AUSTIN (KXAN) -- Austin Mayor Steve Adler announced he will not participate in this year's Veterans Day Parade, held Saturday on Congress Avenue, because some groups signed up to march will be carrying the Confederate flag.
"Veterans Day should only be about honoring United States Military Veterans," Adler said in a statement Thursday morning. "Symbols of racism, Civil War secession, and white supremacy should not be forgotten or erased, but they need to be remembered and studied in museums and classrooms not cheered and applauded in parades."
Adler went on to say the parade, which is coordinated by volunteer organizers, will not allow the Confederate battle flag this year, which is seen as a symbol of racism. The mayor said the parade committee will still allow the carrying of the official Confederate flag, however. The first official flag of the Confederacy has two horizontal red stripes and one white horizontal strip along with seven stars in a blue box.
"I appreciate that step in the right direction, but for me it does not go far enough," Adler wrote.
In lieu of marching in the parade, Adler plans to volunteer at the Central Texas Food Bank Saturday. He says he will honor veterans there because the nonprofit serves a large number of local veterans. He says he'll also write thank you notes to men and women who have served, to be delivered by the local VA.
"This was a hard choice, because I would very much like to be able to be part of the parade, because I want to honor veterans," Adler said, adding, "I'm really happy and excited that there are other ways for me to honor the veterans."
Adler stressed his decision was made due to personal conviction and doesn't represent a city stance. However, some veterans say it feels like a blow, coming from a city official.
"This is his opportunity to be the better guy," said Army veteran Michael Cargill, who served for more than a decade. "He is the mayor of the city of Austin, a great city, and this is his chance to say, 'you know what, I'm going to put my differences aside, and I'm going to go there. I'm going to let them know that I dislike what they're doing, but I'm still going to stand up for the veterans.'"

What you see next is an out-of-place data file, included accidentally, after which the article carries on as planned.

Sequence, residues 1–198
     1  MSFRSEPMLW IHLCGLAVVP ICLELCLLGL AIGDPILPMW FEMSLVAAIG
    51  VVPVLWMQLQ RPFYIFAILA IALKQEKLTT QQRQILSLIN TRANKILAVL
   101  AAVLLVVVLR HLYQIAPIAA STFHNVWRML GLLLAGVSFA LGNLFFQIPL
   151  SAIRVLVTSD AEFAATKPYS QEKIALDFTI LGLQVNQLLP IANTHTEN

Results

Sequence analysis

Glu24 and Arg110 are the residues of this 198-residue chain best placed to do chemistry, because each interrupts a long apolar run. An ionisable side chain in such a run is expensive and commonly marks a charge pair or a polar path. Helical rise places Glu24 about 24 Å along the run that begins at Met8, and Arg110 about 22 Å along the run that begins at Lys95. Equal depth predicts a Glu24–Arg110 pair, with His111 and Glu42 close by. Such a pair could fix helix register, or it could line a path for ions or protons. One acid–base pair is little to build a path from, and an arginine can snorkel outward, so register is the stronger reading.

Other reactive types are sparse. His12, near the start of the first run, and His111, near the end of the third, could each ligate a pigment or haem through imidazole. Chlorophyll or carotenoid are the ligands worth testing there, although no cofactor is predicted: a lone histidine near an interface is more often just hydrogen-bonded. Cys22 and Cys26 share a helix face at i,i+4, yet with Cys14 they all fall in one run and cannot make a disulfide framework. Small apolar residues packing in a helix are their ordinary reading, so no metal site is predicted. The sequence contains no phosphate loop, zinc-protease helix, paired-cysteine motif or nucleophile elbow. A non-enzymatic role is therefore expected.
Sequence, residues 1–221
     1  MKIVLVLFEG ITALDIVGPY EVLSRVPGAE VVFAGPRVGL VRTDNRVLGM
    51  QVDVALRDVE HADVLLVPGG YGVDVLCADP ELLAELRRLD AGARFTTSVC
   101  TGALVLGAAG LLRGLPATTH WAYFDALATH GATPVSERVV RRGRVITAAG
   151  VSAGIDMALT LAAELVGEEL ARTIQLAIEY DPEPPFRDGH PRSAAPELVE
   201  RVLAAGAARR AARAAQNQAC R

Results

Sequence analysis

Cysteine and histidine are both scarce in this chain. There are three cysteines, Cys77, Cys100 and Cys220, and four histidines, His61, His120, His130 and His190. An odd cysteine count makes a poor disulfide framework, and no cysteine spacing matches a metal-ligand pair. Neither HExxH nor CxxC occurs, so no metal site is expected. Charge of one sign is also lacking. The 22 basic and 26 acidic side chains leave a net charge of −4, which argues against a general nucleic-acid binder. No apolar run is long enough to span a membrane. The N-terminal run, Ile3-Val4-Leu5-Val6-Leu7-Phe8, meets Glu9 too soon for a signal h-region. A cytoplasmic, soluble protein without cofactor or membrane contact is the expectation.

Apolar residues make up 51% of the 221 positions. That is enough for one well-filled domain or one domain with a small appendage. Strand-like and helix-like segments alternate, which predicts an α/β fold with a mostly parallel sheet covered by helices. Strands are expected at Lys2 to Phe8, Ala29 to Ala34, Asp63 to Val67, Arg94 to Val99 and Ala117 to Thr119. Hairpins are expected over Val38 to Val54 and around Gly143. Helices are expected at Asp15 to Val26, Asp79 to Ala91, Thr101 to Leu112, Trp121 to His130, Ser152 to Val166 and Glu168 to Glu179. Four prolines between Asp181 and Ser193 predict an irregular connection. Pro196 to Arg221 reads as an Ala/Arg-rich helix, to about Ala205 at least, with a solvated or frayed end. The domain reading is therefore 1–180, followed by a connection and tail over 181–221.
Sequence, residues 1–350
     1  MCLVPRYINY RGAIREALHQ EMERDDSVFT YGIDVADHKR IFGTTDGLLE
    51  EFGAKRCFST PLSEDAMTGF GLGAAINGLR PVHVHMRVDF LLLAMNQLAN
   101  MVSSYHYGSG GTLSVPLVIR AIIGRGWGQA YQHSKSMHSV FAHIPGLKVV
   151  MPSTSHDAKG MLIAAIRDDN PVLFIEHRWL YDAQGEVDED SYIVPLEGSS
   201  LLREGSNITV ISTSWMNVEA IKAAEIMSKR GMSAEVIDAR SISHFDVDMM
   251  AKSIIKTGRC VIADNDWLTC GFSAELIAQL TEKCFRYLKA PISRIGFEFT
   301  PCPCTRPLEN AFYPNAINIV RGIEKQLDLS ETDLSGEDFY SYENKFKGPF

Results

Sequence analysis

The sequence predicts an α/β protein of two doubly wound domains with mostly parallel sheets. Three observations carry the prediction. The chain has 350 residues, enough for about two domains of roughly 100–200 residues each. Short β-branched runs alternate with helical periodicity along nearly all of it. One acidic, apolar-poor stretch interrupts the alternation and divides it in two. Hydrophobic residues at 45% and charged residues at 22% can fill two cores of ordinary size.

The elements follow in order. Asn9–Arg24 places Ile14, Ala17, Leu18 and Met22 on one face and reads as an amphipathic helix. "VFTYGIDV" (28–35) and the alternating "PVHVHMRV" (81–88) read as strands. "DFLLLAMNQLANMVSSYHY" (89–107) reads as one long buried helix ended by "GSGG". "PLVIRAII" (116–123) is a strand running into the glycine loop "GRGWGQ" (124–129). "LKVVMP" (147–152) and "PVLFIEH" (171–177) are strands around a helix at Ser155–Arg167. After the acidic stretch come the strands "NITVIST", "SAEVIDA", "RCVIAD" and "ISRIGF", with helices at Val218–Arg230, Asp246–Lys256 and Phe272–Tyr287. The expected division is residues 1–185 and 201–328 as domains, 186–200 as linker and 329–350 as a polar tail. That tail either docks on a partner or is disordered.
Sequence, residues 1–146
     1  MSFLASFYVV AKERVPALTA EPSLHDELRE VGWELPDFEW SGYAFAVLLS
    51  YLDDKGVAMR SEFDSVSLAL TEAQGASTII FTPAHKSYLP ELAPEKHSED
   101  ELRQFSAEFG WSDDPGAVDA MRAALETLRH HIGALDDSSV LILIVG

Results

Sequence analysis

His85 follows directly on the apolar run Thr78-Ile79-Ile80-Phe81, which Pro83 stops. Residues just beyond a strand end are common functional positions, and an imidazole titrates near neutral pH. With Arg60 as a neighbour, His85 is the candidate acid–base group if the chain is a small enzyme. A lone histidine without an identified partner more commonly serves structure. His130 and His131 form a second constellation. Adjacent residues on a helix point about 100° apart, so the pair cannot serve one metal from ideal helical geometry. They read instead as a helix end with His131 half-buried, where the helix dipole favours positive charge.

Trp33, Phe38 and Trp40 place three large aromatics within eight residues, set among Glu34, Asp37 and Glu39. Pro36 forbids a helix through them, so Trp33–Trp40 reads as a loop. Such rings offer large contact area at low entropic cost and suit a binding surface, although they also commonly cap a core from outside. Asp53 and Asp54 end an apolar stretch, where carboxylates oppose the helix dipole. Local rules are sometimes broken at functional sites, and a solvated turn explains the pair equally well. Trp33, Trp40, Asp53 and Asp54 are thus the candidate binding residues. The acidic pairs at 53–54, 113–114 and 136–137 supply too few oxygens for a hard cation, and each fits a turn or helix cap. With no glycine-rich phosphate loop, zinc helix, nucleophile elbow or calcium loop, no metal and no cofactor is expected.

The Veterans Day Parade Committee released a statement about the mayor's planned absence, saying in part:
"The Committee understands that some in our community consider the Confederate battle flag as a negative symbol and therefore voted unanimously to ban the flag from the parade. The Committee's focus is to honor our veterans by including as many veterans as possible and create a safe environment for the parade."
The statement went on to say: "The Committee appreciates the city of Austin's support and contributions to the Austin Veterans Day Parade and acknowledges that without the city's support, this parade couldn't happen."
The sheriff of Williamson County took to social media to blast Adler on his decision to not attend the parade. Sheriff Robert Chody started his post by saying "Shame on you, @MayorAdler!" Chody says he's "offended" that Adler would allow a "small group dictacte the true meaning of the intent of the parade." Chody ends his message by asking the mayor to reconsider.
The city still plans to waive street closure fees for the parade's organizers, as it has in years past. City agencies such as the Austin police and fire departments will also still participate in the parade.
The parade will begin at 9 a.m. Saturday and a ceremony will follow the parade at 11 a.m.
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